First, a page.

The All Black squad to take on France next month is named on Sunday but in a refreshing sign of the times, that news has taken a back seat to the goings on of the traditional have-nots of rugby union.
The last 48 hours has seen the first positive step towards a Pacific Island team in Super Rugby, the announcement of a major event in the women's game, and the clean up of a serious issue regarding Tier 2 nation qualifying for next year's World Cup.
Let's get one thing straight about the news about the Pacific Island team: it was a viability study only, and doesn't mean that next season we're going to see another side added to the competition. While there was a Pacific Islands side that played test matches back in 2003-04, this would be a much bigger undertaking: home matches being split between Fiji, Tonga and Samoa, as well as games in Auckland and Sydney.
Factor in the massive difference between then and now in terms of the rugby landscape. The migration of players away from the islands, while a big deal back in those days, has increased dramatically. However, this does open up a genuine pathway to professional rugby that hasn't previously existed on the islands themselves. Whether it actually ends up happening though is the big question, given just how volatile the rugby world is looking at the end of next season.
But the door has been opened for the one thing that many Super Rugby fans have been demanding for years.
One thing that definitely is happening was confirmed this morning, though. The world champion Black Ferns will take on the USA at none other than Soldier Field, Chicago. The same venue that has hosted the All Blacks will now be part of a triple-header rugby event in November, with the Māori All Blacks taking on the USA men's side and a test match between Ireland and Italy.
The most consistent narrative around rugby is the supposed need to 'break into the US market'. Which, on the surface seems like a fantastic idea - except that there's an awful lot more to it than just chucking some games on TV and presuming that Americans will fall in love with the sport. The times the All Blacks have played there have been little more than marketing gimmicks for AIG - yes, they lost to Ireland last time but a quick examination of the team picked that day shows just how seriously they were taking that match.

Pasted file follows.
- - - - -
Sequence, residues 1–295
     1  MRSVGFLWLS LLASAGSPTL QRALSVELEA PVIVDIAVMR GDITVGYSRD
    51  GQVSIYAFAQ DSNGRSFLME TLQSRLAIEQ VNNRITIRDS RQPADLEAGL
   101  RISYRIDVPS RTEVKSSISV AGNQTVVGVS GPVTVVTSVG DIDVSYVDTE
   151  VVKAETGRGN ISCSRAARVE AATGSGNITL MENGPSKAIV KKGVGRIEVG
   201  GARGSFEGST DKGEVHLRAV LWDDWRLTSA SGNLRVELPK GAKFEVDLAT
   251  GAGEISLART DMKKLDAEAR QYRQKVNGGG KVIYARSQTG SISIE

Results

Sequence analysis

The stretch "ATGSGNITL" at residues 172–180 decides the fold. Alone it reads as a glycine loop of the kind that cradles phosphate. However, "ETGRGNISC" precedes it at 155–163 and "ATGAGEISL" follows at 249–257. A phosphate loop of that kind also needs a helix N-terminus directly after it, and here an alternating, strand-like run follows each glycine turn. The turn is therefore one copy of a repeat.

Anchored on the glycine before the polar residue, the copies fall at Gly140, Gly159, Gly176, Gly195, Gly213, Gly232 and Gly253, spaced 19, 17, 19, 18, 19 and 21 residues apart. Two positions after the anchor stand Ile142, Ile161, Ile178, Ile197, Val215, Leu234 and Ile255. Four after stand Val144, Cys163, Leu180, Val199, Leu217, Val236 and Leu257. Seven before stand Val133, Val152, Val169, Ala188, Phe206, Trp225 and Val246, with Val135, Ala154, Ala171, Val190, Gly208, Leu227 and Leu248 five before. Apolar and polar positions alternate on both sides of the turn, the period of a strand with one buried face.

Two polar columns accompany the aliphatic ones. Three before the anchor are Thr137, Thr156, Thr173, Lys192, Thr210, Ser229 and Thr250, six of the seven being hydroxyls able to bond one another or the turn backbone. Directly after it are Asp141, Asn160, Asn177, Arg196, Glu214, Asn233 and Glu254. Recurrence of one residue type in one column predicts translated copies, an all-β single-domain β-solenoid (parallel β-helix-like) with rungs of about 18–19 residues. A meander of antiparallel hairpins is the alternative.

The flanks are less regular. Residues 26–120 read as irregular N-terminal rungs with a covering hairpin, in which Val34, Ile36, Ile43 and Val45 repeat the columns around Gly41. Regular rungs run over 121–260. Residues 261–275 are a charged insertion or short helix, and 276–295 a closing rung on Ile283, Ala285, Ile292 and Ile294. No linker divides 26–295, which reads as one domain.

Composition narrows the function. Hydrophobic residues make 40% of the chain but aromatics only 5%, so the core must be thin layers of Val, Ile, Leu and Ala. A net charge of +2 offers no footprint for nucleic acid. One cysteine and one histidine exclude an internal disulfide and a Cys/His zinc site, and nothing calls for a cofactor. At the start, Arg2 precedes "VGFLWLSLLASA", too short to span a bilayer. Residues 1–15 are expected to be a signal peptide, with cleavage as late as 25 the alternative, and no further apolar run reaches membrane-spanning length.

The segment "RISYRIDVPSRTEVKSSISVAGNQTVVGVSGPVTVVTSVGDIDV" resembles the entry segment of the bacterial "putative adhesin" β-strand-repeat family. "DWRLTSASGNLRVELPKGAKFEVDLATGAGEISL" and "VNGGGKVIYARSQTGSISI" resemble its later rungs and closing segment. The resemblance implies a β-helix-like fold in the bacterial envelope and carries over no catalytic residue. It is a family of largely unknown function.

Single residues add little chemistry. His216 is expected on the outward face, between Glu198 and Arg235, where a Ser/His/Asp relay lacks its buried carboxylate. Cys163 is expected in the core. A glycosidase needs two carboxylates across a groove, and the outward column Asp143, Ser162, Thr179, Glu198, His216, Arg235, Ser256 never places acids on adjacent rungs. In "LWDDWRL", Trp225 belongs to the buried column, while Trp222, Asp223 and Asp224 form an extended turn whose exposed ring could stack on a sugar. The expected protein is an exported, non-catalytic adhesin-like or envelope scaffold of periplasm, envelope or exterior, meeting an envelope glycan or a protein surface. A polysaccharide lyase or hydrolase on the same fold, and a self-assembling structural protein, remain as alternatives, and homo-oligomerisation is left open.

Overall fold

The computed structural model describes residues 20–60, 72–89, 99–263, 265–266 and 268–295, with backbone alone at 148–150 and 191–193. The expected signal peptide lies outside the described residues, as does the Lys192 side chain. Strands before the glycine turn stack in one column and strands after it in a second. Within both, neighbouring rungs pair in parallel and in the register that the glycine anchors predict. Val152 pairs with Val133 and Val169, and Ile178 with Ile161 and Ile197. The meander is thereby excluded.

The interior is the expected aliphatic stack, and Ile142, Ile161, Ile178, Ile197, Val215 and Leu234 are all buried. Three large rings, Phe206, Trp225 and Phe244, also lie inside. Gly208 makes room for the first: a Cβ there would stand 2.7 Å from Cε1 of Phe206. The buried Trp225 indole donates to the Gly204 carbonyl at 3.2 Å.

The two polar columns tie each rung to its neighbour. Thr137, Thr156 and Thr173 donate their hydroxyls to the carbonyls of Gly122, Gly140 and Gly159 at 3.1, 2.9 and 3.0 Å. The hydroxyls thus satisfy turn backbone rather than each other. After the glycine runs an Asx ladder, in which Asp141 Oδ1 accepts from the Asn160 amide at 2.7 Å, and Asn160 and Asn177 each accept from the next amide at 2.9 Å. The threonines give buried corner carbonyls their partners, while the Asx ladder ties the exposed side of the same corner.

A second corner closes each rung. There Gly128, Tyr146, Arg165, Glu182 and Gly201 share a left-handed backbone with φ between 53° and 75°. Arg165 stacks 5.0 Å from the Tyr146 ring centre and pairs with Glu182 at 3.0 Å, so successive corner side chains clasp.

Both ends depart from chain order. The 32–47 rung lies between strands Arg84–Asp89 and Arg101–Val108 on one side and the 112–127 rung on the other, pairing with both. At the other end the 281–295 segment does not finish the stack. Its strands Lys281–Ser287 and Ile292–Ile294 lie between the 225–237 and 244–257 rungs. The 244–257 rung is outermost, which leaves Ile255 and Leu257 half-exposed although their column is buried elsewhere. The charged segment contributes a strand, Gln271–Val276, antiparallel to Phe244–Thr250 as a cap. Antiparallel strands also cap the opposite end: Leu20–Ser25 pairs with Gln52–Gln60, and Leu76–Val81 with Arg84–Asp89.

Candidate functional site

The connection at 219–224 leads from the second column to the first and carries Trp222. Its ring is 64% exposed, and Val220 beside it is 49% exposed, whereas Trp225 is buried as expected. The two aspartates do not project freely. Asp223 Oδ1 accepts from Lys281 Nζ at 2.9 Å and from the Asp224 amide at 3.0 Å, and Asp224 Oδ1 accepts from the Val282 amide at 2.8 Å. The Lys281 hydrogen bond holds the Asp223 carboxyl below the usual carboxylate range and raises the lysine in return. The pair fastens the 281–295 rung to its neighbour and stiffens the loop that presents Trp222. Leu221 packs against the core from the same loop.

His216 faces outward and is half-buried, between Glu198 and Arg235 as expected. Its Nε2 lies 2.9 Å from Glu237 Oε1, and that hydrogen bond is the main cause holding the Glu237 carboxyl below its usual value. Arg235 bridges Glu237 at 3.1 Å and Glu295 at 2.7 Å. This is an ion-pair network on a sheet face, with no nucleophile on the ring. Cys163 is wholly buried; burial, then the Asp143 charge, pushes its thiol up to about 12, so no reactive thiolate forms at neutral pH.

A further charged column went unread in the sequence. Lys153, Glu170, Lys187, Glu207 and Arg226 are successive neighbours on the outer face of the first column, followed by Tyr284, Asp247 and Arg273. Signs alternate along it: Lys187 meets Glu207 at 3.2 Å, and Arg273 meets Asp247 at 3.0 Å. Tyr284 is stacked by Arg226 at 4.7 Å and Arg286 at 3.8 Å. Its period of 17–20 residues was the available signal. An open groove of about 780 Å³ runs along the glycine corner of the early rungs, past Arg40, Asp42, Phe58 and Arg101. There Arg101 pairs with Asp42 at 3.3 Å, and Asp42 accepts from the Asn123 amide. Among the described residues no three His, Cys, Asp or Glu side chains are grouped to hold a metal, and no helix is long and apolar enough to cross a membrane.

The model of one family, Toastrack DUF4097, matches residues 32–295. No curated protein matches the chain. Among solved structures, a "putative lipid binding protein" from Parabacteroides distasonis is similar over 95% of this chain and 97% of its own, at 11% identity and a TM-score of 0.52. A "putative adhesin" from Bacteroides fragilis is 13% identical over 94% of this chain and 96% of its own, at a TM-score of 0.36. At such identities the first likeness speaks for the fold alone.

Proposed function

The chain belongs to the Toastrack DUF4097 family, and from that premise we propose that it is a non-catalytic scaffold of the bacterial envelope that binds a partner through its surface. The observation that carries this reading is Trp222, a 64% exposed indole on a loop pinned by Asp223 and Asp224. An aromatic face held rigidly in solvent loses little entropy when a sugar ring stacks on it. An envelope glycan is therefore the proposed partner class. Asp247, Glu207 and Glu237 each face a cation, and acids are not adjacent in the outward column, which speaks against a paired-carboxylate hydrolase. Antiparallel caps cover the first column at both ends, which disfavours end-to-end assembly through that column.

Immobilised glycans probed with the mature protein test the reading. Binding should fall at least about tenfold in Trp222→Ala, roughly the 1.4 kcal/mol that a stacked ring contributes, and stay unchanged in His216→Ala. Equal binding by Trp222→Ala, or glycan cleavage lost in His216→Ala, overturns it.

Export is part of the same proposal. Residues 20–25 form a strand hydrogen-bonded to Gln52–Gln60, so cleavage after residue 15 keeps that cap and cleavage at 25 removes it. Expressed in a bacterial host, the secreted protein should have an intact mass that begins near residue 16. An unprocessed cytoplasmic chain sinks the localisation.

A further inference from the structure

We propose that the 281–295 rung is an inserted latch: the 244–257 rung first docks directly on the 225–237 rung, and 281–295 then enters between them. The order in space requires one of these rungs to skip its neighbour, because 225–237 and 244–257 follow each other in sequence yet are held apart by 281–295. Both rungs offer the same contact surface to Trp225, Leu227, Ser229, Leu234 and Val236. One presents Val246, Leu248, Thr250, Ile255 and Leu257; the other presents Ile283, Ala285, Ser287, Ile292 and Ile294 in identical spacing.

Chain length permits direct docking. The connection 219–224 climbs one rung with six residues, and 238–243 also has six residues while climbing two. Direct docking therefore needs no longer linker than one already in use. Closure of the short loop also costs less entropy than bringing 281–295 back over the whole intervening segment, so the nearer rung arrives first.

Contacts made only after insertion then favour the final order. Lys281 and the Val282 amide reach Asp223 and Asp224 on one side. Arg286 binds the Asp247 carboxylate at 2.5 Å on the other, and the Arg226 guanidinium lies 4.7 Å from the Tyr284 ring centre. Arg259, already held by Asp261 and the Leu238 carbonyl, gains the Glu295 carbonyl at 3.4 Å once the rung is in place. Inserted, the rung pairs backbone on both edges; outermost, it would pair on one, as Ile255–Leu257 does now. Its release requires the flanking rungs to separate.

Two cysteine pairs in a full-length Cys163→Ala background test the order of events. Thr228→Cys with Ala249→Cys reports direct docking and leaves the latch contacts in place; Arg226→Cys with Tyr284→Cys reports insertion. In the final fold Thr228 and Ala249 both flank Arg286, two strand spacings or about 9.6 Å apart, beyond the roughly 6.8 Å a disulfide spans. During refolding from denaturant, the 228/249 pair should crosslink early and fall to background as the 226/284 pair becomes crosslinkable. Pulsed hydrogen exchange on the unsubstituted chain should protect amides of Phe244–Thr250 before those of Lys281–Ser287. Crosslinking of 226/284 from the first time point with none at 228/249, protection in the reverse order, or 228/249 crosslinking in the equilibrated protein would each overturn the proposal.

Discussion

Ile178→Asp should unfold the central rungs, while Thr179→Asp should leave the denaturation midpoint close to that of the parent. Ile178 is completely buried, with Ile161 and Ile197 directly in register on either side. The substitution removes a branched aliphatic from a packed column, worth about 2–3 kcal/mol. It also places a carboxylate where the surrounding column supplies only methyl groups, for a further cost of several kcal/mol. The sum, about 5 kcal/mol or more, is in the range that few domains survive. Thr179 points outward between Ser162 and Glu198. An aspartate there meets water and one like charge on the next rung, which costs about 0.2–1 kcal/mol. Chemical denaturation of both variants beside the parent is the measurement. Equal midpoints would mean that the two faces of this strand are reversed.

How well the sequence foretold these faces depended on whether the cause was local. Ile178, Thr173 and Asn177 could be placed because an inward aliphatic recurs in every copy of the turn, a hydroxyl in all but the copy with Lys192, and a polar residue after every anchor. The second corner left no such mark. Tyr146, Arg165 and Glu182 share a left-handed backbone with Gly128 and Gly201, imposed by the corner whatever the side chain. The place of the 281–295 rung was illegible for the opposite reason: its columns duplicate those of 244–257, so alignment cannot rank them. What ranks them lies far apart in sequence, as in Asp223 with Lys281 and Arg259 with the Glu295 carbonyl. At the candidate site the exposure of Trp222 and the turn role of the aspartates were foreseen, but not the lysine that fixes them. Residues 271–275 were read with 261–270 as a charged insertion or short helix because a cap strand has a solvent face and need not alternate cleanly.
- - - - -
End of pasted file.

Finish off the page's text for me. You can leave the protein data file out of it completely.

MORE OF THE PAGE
The key difference with this fixture is that women's rugby in the US is strong, and has been that way for a long time, so this is a legitimate international match that will be played in front of what will most likely be the largest attendance for a women's test match. This will be a meaningful, historic event that the Black Ferns deserve and will grow their profile in the women's pro sport market that definitely is there for the taking.
Also this morning came news that World Rugby have acted on the debacle that's clouded the recent World Cup qualifying matches. This all came about thanks to the outrageous scenes at the end of the Spain v Belgium game, which saw Spanish players attacking the allegedly biased Romanian referee. Turns out the Spanish were in no place to be complaining as it was found they'd used ineligible players in their lead-up games. In fact, it's more of a case of who wasn't cheating as Belgium were found guilty of the same offence.
[embed ] https://www.youtube.com/watch?v=aTcyamiYv8g
The result of all this is that now the playoff winner between Germany and Portugal will face Samoa for a place in the tournament. In another bit of good news for Pacific Island rugby, that fixture has been brought forward so that Samoa can select its best side in the June test window.
So, underprivileged nations and women getting a leg up. Let's all enjoy this refreshing bit of sanity that just blew through the rugby world.